Most comprehensive mkv streamer

Discussion in 'Apple TV and Home Theater' started by TechNut315, Apr 19, 2011.

  1. TechNut315 macrumors newbie

    Joined:
    Mar 15, 2011
    #1
    Im currently updating my computer setup and im in the market for a HTPC solution. I have a windows media centre based HTPC which is great but I really want to buy an apple TV as I want a more simple and elegant solution but I fear its functionality is far too limited.

    The most important features for me, is a great looking UI and comprehensive mkv playback. I have been ripping my blu rays for years now and have about 2TBs of HD mkv material, but my methods have changed thoughout the years so whats in the mkv container is quite variable.

    I have tried the wd tv live but its performance with mkvs was substandard, not even playing about 20% of the material.

    I have heard good things about the apple TV if hacked with plex or xbmc. I have tried both these programs on my desktop, several years ago now and while not as good as media centre (in my opinion) I think they would do the job if they can reliably playback mkv files over a network.

    Has anyone knowingly got a variety of different mkv types (i.e. different audios, different ref levels) working well on a apple TV. Do they have acceptable WAF? If not can anyone recommend a solid mkv player?

    Cheers
     
  2. johnnj macrumors 6502a

    Joined:
    Dec 11, 2008
    Location:
    Not here
    #2
    I have a 1st gen ATV, but I never used it for streaming movies, though. I tried Boxee, but it seemed like the hardware just wasn't up to the task.

    That said, I've been using Popcorn Hour boxes from within the first few months of the first one's release. I currently have a C-200 w/BD drive and an A-110 in service and unless the MKV is just plain broken, they've played everything I've thrown at them. The C-200 is also pretty good at streaming BD ISOs. I've been doing my rips in that manner for a while.

    John
     
  3. TechNut315 thread starter macrumors newbie

    Joined:
    Mar 15, 2011
    #3
    Popcorn

    Yeah the popcorns look interesting. A lot of my old stuff was encoded at L5.1 with high reference frames, didn't really appreciate at the time that L4.1 would have been fine. It looks like popcorn unofficially supports L5.1 but the C200 is pretty expensive, here in the UK at least. At £300 its getting into HTPC prices, might look at the a100 series models. Problem is, if you google every device theres always people who can't get stuff to work. Might just have to buy one to see how well it copes with my stuff.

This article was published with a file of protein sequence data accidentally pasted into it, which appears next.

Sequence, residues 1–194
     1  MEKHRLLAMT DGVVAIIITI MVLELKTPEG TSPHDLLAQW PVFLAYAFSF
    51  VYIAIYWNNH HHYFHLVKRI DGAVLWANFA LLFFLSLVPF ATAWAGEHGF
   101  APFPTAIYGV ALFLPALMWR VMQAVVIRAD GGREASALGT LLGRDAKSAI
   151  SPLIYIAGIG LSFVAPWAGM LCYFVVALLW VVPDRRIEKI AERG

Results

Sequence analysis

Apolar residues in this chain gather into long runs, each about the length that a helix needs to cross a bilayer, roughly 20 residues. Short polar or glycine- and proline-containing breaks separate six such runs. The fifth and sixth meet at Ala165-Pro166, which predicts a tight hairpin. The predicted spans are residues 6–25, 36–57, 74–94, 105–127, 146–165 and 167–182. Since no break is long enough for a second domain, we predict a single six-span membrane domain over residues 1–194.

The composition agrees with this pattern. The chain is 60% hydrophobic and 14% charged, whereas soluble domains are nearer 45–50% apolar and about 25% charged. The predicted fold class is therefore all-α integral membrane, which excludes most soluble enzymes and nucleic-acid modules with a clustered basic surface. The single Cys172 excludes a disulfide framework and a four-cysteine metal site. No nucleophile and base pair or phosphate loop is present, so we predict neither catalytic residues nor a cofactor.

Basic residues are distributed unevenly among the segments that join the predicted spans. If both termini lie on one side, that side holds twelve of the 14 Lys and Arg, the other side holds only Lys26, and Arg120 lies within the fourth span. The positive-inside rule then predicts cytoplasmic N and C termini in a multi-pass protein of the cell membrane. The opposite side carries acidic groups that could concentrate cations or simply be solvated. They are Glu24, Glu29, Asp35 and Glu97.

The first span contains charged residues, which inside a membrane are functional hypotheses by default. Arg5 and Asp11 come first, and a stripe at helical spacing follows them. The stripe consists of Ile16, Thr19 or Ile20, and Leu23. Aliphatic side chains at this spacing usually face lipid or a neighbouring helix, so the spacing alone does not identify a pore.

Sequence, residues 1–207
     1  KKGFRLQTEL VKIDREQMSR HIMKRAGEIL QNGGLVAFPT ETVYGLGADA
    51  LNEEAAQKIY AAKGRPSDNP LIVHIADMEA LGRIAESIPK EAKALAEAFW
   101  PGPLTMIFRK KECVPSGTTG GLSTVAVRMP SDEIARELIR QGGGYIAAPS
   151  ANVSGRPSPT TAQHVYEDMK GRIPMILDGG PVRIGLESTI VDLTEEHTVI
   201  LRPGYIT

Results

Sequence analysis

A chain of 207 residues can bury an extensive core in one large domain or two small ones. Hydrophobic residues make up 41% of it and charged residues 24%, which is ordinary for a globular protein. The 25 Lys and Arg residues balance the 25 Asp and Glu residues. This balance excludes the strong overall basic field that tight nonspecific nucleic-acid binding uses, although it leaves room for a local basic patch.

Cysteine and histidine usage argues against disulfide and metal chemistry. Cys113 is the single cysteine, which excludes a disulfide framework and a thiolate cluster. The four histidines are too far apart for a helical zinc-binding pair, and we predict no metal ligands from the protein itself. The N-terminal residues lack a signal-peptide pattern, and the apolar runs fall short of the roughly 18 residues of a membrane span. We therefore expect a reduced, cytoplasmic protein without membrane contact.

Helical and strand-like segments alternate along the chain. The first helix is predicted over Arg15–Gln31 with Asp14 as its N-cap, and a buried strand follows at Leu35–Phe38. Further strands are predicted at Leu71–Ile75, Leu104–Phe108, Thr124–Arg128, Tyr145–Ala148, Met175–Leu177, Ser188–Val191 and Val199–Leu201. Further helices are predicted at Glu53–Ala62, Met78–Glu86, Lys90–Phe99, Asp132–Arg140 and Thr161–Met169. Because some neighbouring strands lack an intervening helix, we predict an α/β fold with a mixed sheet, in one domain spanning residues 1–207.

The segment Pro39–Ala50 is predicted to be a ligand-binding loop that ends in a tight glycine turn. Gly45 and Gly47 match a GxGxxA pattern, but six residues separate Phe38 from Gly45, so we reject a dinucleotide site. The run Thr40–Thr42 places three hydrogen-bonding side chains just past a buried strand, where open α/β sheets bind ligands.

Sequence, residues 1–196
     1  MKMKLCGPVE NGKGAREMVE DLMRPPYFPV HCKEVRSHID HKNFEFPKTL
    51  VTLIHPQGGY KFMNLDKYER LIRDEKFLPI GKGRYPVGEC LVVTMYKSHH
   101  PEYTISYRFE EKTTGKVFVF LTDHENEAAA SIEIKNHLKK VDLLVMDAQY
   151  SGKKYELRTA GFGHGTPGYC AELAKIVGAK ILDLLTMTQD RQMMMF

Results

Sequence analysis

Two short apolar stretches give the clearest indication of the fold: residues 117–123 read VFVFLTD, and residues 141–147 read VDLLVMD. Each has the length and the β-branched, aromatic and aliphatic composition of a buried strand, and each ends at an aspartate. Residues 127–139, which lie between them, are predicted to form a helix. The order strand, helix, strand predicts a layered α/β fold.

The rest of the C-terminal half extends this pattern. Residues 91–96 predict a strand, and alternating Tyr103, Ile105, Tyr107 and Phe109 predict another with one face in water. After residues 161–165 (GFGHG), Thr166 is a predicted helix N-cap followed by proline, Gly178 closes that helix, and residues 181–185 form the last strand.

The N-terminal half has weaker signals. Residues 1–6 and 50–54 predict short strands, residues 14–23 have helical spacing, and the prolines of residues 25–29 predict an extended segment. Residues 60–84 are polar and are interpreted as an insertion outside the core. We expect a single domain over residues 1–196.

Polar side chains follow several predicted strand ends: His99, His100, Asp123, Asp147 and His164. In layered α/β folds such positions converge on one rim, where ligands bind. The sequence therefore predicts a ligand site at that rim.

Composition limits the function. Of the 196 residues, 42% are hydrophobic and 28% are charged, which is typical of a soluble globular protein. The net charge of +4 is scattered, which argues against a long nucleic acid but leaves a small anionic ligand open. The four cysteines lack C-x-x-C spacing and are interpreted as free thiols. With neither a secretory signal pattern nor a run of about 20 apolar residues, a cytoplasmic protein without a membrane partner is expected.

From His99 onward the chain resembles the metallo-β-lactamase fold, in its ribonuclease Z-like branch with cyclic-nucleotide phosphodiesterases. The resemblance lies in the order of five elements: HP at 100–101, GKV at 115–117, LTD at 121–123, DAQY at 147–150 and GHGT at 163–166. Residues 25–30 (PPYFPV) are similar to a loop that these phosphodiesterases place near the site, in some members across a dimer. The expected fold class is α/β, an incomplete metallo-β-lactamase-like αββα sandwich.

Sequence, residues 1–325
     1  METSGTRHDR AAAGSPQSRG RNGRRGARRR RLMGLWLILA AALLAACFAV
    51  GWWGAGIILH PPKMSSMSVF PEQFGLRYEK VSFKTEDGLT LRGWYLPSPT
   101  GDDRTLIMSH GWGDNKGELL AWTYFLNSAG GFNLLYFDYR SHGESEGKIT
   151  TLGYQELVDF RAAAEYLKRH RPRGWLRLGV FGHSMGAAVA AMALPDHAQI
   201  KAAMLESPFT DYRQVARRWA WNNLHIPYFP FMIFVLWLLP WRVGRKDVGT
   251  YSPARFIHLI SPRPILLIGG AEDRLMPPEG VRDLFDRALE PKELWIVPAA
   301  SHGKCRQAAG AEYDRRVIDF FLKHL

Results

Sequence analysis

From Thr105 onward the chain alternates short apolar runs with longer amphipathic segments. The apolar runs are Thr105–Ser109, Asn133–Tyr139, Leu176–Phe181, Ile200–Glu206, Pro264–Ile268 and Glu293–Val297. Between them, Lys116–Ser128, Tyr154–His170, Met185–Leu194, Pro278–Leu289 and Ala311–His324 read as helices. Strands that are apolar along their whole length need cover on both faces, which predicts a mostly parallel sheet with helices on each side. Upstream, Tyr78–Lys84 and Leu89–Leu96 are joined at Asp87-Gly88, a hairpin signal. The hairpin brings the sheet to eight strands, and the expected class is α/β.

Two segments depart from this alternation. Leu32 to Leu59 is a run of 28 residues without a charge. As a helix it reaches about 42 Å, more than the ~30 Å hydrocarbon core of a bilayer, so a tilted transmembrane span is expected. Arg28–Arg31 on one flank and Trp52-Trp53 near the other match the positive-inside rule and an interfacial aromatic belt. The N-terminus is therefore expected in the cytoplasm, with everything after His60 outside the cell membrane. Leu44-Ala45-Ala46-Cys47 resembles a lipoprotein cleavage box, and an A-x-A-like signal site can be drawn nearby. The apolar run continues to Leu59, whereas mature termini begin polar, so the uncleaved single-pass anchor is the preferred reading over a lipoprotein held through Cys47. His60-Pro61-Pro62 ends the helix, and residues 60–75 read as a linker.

4. johnnj macrumors 6502a

    Joined:
    Dec 11, 2008
    Location:
    Not here
    #4
    Wow.. 2007 is pretty early in the BD product cycle. :) I started mine in 2008. My first media rig was and HTPC that I built and I did everything locally on it, ie ripping and playback of various files. It worked pretty well, but it took effort to keep it up and man, what a pain in the ass to get all the remote mappings set up right. It was kind of loud, too.

    When I wired my house up with ethernet, it enabled me to move the storage down to the basement and I used one of those HP Mediasmart servers with maxed out storage. I ran that for about a year and then built a WHS server with 16 1.5TB drives. I do my BD ripping and mkv-a-fying on that machine.

    Yeah, the C200 was expensive but it enabled me to get rid of my standalone BD player, which I donated to a friend. It has its ups and downs like all this stuff, but the ability to play back BD images with HD audio streams intact is pretty cool. It also supports 1080p/24 which was important to me and my beloved Pioneer Elite tv. A lot of the other devices I've investigated fail on that.

    They do make a similar A-200 which doesn't have the drive bay, but I think it does all the other stuff. Don't quote me on that, though.

    Back to your original point about using an ATV as a streamlined solution, I was wishing for the same thing when the new one was announced. But, when I was hoping for a more robust hardware platform, but Apple went the other way on it and made it very lean. I think that the iTunes movie and TV rentais are just too expensive, especially at the rate in which I consume media. If they had a flat rate monthly program I might do it, but not as it is now.

    John
     

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